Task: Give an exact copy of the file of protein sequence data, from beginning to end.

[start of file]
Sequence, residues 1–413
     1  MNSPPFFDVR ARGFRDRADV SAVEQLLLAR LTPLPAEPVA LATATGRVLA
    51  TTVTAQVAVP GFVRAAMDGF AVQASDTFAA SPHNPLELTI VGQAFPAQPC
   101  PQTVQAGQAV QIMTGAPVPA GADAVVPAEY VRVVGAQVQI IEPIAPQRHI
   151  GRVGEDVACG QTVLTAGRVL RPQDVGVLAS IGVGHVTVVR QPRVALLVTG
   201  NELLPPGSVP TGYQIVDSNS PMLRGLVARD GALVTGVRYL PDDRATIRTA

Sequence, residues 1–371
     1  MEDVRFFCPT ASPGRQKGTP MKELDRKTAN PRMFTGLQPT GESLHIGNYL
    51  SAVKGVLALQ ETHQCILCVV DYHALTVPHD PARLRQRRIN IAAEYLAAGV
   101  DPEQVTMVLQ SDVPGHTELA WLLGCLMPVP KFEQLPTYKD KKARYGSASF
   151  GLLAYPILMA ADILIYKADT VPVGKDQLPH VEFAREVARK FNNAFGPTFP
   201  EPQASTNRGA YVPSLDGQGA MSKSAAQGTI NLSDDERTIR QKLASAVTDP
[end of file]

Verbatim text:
Sequence, residues 1–413
     1  MNSPPFFDVR ARGFRDRADV SAVEQLLLAR LTPLPAEPVA LATATGRVLA
    51  TTVTAQVAVP GFVRAAMDGF AVQASDTFAA SPHNPLELTI VGQAFPAQPC
   101  PQTVQAGQAV QIMTGAPVPA GADAVVPAEY VRVVGAQVQI IEPIAPQRHI
   151  GRVGEDVACG QTVLTAGRVL RPQDVGVLAS IGVGHVTVVR QPRVALLVTG
   201  NELLPPGSVP TGYQIVDSNS PMLRGLVARD GALVTGVRYL PDDRATIRTA

Sequence, residues 1–371
     1  MEDVRFFCPT ASPGRQKGTP MKELDRKTAN PRMFTGLQPT GESLHIGNYL
    51  SAVKGVLALQ ETHQCILCVV DYHALTVPHD PARLRQRRIN IAAEYLAAGV
   101  DPEQVTMVLQ SDVPGHTELA WLLGCLMPVP KFEQLPTYKD KKARYGSASF
   151  GLLAYPILMA ADILIYKADT VPVGKDQLPH VEFAREVARK FNNAFGPTFP
   201  EPQASTNRGA YVPSLDGQGA MSKSAAQGTI NLSDDERTIR QKLASAVTDP